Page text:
There’s also a companion exhibit which Mike co-curated Emma Molina Widener called “Around the World in Law’s Picture Books”. It’s a multi-lingual exhibit showcasing illustrated law books from 15 countries on six continents and can be seen at Yale Law Library September 1 through December 15, 2017.

Mike has inspired me to continue to try to build a strong collection of illustrated law books at D’Angelo Law Library. I started to pay attention when I saw any illustrated law book. Nathaniel Burney’s illustrated guides to criminal law and criminal procedure. Bound By Law (Tales from the Public Domain) by Keith Aoki, James Boyle, and Jennifer Jenkins. Any law comic or graphical novel. Disappointingly, a book on The Law for Comic Book Creators by Joe Sergi has no illustrations…

I asked rare book catalogers, vendors, and other specialists to let me know of any illustrated law books. I looked at what we already had in our collection and what we could buy to enrich it. Illustrated law book are difficult to identify in library catalogs. You can look for “Pictorial works” as a subheading. You can look in notes or description fields for illuminations, folded plates, illustrations, but these are generally not something added in non-rare book cataloging.

Der Sachsenspiegel is an early example of an illustrated law book. Heiner Lück’s Der Sachsenspiegel: Das berühmteste deutsche Rechtsbuch des Mittelalters (2017) is full of fascinating colorful law-related illustrations therefrom. The Illustrations of the Sachsenspiegel: A Medieval German Law Book (2000) by Guillermo F. Margadan, the inaugural volume of the Tarlton Law Library Legal History Series, includes English-language descriptions of black-and-white versions of the images. The first volume of Fueros y justicia en el Madrid medieval, 1202-1357 (2003 ) has wonderful illuminations and marginalia. Dans les coulisses de la loi (2016 book by Noëlle Herrenschmidt with Sébastien Miller containing watercolor paintings/drawings illustrating how a bill becomes law in France).

In his Melbourne talk and essay on collection illustrated law books, Mike lists many institutional reasons to enrich our rare book collections with images of the law, but I particularly like this one from Mike: “Ultimately, this sort of collecting promotes a sense of wonder and play, things that can be in short supply in today’s world. It is this sense of wonder and play that has given me satisfaction and reward. If I do nothing else than instill a sense of wonder and play in those who visit and use the collection, I feel I have done something useful.”

Comments

  1. Great article. I’d love to see the comic and graphical novels you’ve highlighted. Although I think using graphics would be helpful to explain or illustrate complex issues. And, courtroom artist renderings of certain trials may make the law less about words, terminology, tactics and principles and introduce the face of humanity that much of the law involves — may more practically promote empathy. Alas, publishers/information providers find such inclusions (especially where color is involved) in their publications to be much too cost-intensive. But more illustrations may help to transform the whole nature of the legal industry and the practitioners approach to the law.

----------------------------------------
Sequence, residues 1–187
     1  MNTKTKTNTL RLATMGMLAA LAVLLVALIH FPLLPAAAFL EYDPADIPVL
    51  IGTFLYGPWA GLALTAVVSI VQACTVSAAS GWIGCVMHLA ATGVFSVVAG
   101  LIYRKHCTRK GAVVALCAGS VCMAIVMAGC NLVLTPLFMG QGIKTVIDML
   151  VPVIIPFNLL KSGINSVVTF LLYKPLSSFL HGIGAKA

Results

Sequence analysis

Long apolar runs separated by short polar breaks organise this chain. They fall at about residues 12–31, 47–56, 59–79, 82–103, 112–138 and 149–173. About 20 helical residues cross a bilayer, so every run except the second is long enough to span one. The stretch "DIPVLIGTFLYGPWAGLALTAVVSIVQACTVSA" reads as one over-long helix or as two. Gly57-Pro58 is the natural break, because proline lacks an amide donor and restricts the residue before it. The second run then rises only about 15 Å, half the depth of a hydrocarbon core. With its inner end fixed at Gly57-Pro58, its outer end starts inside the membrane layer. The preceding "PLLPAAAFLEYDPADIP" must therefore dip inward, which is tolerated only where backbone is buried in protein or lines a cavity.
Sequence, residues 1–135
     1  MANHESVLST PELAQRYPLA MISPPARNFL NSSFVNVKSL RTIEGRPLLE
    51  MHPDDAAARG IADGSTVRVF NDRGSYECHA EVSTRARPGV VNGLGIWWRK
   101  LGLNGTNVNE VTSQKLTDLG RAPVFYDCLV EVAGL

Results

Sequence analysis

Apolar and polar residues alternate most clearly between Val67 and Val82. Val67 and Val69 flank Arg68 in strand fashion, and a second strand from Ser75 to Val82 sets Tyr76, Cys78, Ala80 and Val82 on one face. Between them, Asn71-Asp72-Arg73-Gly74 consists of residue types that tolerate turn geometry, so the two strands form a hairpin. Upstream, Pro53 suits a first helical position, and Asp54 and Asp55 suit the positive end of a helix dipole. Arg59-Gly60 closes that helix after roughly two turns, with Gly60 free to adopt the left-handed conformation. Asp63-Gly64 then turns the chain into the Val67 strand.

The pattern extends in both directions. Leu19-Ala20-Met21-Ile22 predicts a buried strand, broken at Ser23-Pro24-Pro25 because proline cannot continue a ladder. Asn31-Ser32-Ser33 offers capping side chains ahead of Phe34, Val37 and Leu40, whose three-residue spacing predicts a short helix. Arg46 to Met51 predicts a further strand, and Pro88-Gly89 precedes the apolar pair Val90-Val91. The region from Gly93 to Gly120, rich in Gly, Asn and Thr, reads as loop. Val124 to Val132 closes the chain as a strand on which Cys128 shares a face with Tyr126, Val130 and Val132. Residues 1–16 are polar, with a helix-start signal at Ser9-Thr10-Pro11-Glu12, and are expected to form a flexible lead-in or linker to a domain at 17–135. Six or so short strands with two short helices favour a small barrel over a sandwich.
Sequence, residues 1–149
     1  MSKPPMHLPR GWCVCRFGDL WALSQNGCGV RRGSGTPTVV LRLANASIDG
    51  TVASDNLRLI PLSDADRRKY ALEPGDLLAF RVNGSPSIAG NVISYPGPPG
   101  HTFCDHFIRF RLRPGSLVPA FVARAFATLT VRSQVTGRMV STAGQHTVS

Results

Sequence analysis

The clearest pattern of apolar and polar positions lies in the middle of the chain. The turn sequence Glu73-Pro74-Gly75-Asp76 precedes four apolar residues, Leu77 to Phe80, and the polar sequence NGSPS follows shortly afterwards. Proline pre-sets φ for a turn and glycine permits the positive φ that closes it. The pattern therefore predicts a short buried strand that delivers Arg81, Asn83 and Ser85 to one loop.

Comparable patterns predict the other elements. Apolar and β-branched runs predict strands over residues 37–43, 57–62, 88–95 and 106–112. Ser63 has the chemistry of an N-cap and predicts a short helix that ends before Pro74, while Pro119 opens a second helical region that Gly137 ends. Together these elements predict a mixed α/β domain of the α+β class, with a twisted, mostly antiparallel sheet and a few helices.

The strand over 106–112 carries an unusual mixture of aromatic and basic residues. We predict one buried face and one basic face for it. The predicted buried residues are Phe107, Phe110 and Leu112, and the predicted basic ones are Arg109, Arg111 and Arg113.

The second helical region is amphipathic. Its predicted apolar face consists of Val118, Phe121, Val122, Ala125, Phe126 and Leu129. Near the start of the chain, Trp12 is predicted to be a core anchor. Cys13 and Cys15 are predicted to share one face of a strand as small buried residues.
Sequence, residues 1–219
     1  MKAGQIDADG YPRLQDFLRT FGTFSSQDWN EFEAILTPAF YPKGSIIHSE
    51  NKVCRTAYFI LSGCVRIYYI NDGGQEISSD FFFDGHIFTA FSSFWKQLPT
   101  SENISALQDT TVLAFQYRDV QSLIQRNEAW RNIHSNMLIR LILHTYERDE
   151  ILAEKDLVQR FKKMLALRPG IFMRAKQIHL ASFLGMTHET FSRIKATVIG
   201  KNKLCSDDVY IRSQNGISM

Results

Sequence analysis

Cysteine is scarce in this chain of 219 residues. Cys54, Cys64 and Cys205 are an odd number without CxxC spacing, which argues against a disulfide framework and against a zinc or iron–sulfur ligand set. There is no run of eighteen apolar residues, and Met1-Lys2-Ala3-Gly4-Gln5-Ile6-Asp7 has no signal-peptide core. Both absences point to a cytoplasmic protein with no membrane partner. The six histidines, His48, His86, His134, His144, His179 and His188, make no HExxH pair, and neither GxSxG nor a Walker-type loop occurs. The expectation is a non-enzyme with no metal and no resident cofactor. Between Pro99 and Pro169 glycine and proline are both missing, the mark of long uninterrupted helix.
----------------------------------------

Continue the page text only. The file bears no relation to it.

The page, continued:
2. There are pictures in the first edition of my and Barry Reiter’s contracts casebook. We could not, however, continue with them as the cost of obtaining permission was higher than the publisher was prepared to pay.

  3. Here is a link to the Bound by Law title: https://law.duke.edu/cspd/comics/digital/. It is available for free from the Duke’s Center for the Study of the Public Domain.

  4. Looking forward to reading Bound by Law. Thanks for the link

  5. Thanks for the article. I did a small collection of illustrated title pages for the rare book collection at the University of Denver Westminster Law Library when I was in library school.

    While not on illustrations in law books, I remember reading about a US Supreme Court Justice who saw a couple on television who were the plaintiffs or defendants in a case he ruled on. Seeing what they were going through he said it was the first time he realized the impact his decisions had on real people. Maybe Justice would be better served if the Justices could see the people they are making decisions about.

  6. Thanks everyone for your comments! It’s interesting to get information on why there are few illustrations in law books like the costs Angela Swan mentioned. And I like your point, Steven, about better justice if judges could “see the people” they were making decisions about. And, because I was thinking more about rare law books broadly and not focusing on case reporters generally, I didn’t mention Simon Fodden’s, Daniel Poulin’s, etc. related Slaw posts, but y’all check them out!

    MAY 17 th 2012
    Images in Judgments
    by Simon Fodden
    http://www.slaw.ca/2012/05/17/images-in-judgments/

    May 25th 2010
    Illustrated Judgments
    by Daniel Poulin
    http://www.slaw.ca/2010/05/25/illustrated-judgments/

    http://www.slaw.ca/?s=images+in+judgments

  7. If you haven’t already included it, you may want to add my book–The Law Book: From Hammurabi to the International Criminal Court, 250 Milestones in the History of Law. Although not a “rare book,” having been published in 2015, each of the 250 milestones is accompanied by some type of illustration. https://catalog.lib.uchicago.edu/vufind/Record/10382073

  8. Lyo Louis-Jacques

    Cool, thanks, Michael, and thanks for the U of C library catalog link to your book! :-) Will include in the next piece I write about illustrated law books.

Leave a Reply

(Your email address will not be published or distributed)